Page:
11 June 2018 | Samos - 7,117 NM
Very Hot and Sunny
The wind blew so hard we were boat bound in Kalandhon, Naxos. We were safely tied up in the fishing harbour but the wind made any ventures ashore horrible. We managed a little stroll later in the day and miraculously the wind dropped just as we decided we'd had enough of hiding on the boat and we had a lovely 10 minutes on the beach in the evening sun - just 10 minutes though - then we had to hide from a sand storm and get back to Freya! Our French neighbours had asked Vassilis to take them on another excursion the next day and asked if we'd like to join them - of course we did.
This time we went to Apeiranthos which again included the stunning drive through the mountains and sea views of both sides of the island. It was another beautiful white village and again, we really enjoyed exploring its cobbled alleys and marble steps. We walked up to some nearby windmills for the fantastic views of the east coast and nearby islands before a really delicious lunch followed by coffee and a bit of people watching.
When we woke the following morning it was quiet - for the first time in 13 days, the wind was gone! Wow, it was amazing. We could've set off but we thought we should have a 'quiet' day enjoying Kalandhon without hiding from the wind. I had a lovely long swim, the first since we'd arrived and even Paul got in under protest! In the evening we walked up the hill to the "taverna" that in truth was a shack and a few tables under a makeshift roof. It's run by a father and daughter who grow all the produce on their farm next door. There is no menu - they bbq the meat which had been running free on the hill and what ever veggies they have, washed down with their home made wine. Delicious.
The next day we were off, motoring, as still no wind. Our first stop was just an hour away in Mersini on Skinousa a few miles south of Naxos. We moored alongside on the small quay in the little sheltered bay with turquoise sea, beautiful. Chora, the island capital was a 20 minute walk uphill but had to be done. It was very hot without the wind! The town was very pretty and had a few shops open, even on a Sunday, which was useful. While exploring we had 360 degree views of the island from different spots in the village. When we got back to Freya the little quay was filling up, well 2 boats, so we decided to move around to one of the beautiful bays we'd seen from the village and anchor. It was so peaceful and after lunch I had to go for a snorkel. At first there wasn't much to see but I checked the anchor, looked at the hull which was looking a bit greener than last time I'd looked and then headed along the coast towards a sunken quay which I thought looked like a perfect home for fish. I was right there were lots, all sizes and colours and so I was returning to Freya happy when something very big appeared in front of me. I was so excited when I realised it was a big turtle who had no concerns about me being there and we swam together for ages until he surfaced for air and swam off into deeper water. I was so excited and really didn't think things like that happened in the Med!
No wind again - or so we thought! The next day, we left our anchorage after a very peaceful night and motored around the island towards Donousa, another small island and 20 miles from anywhere else. As we went between the islands the sea picked up and we slowed down and then the wind picked up, but it was on the nose and soon we were down to only 3 knots. Again, we were totally unprepared and so we turned off and went behind one of the islands to prepare Freya and get the sails up. We had a very lively close hauled sail all the way to our destination at a more respectable speed. Unfortunately Donousa wasn't as we'd imagined - the bay wasn't as big as we thought and there were already 2 boats in it meaning we had to anchor further out. It wasn't as pretty, the village was a long walk up and down a very steep hill and worse of all, there was a big swell working its way in meaning we had a very rolly night. We were up very early and on our way to Patmos the next morning.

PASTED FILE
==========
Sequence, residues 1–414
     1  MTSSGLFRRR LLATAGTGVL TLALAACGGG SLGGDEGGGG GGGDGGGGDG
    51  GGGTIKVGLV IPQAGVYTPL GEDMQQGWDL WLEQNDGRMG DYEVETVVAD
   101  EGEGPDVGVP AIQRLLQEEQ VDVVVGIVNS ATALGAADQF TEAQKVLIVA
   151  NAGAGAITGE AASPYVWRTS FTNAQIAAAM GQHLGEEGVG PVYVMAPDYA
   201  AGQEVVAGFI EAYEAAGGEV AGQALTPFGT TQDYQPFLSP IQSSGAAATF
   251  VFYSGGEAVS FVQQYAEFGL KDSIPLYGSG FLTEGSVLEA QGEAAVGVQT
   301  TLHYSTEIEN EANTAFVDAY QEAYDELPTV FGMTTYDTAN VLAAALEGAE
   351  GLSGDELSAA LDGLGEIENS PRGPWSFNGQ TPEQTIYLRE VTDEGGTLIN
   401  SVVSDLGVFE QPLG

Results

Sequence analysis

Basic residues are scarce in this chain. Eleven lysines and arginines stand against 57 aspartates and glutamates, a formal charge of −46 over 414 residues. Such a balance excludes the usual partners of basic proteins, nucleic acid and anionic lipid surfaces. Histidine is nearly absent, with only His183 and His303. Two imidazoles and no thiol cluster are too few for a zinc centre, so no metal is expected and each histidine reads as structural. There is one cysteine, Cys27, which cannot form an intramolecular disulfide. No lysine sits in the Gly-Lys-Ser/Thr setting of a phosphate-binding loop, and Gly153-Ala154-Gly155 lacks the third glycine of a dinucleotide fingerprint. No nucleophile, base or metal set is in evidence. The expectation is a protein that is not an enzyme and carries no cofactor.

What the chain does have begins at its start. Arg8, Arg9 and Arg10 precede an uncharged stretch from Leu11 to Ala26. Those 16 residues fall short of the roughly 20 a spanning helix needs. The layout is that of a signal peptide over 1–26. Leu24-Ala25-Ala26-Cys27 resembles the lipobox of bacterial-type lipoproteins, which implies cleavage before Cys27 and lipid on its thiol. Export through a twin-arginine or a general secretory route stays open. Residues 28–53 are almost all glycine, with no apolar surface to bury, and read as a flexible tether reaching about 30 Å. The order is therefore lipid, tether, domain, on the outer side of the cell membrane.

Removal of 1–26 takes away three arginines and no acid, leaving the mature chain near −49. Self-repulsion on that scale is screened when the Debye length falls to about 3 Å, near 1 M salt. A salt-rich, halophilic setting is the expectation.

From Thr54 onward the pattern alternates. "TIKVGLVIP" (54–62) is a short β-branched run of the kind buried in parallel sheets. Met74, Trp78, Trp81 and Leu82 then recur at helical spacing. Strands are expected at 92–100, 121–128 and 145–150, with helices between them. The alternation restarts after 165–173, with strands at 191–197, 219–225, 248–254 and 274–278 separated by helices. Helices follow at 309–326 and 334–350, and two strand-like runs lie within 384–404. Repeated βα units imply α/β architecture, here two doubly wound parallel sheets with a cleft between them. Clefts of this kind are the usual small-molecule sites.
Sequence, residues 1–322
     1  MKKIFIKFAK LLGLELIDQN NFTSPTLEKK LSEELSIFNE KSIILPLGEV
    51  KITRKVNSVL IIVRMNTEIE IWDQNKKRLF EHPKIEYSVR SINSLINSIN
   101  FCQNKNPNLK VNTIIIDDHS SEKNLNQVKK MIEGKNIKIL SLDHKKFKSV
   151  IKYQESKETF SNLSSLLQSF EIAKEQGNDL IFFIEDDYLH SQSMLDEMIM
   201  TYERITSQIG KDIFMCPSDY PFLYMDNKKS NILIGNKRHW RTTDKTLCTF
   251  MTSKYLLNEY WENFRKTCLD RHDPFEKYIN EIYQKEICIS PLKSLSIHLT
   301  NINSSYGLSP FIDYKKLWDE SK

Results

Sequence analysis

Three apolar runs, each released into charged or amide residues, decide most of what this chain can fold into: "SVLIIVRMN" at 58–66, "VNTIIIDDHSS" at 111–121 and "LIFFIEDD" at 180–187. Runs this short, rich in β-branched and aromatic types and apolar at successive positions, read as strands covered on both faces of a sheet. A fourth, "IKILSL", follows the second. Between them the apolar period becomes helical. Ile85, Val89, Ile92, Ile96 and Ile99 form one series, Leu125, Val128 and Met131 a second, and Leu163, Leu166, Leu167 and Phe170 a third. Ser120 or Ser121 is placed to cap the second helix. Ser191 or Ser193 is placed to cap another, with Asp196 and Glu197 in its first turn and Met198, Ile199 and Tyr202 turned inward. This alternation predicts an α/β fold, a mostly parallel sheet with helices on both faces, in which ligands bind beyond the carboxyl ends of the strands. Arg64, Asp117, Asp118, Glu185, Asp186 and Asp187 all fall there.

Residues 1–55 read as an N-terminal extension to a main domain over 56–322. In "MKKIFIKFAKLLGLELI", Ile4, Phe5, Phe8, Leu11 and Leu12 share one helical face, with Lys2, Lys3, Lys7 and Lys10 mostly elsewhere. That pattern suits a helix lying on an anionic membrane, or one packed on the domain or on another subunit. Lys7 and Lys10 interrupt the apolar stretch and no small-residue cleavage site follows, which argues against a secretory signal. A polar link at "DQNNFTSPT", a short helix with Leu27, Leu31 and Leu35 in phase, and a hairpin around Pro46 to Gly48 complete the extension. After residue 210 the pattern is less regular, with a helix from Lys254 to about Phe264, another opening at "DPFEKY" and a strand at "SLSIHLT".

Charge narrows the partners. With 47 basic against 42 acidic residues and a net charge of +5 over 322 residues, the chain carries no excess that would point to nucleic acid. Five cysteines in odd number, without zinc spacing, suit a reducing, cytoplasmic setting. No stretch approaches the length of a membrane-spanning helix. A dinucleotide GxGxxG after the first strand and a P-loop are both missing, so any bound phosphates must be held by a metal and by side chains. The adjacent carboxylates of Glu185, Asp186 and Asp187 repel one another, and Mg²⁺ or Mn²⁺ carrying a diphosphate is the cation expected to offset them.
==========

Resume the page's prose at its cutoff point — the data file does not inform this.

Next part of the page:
This time we did motor the whole 6 hours with a little assistance from the Genoa. We moored on the quay in the port of Skala. Patmos is in the Dodecanese rather than the Cyclades and has a different feel. Skala isn't as old and quaint with the narrow streets etc but it has a nice feel and lots of nice shops and tavernas. We celebrated my birthday there. The day started with tea and pressies followed by breakfast out. Then we took the bus to Chora which was pretty with white houses in narrow streets (another!) and had views over the island. Stunning. In the centre is the huge monastery of St John which dates from 1080 and still had the original papal document creating it in its museum. The monastery was so pretty with lots of passages and stairs and flowers everywhere. The chapel had amazing frescos. We don't go to many monasteries anymore but this one was special. The reason it is on Patmos is because John the Divine sat in a cave below it and God supposedly told him about the Apocalypse which became the book of Revelations in the Bible. We walked back to Skala to visit the cave on the way. So much history in these parts. Back in Skala we had an ice cream and later I had a pedicure and manicure, well it was my birthday, followed by a lovely dinner in a taverna by the sea.
Patmos is a really hickledy pickledy shape and so there are lots of lovely sheltered anchorages to enjoy - it would be a pity not to and so in the morning we moved a few miles to Grikou. It was a bit deep but we found a corner that suited us and had a peaceful afternoon and evening until there was a knock on the boat...... We were told the water tanker would arrive in the morning at 7.00 and needed our spot. Oh well an early morning, and sure enough, when we got up at 6.30 for our passage to Samos, there he was waiting.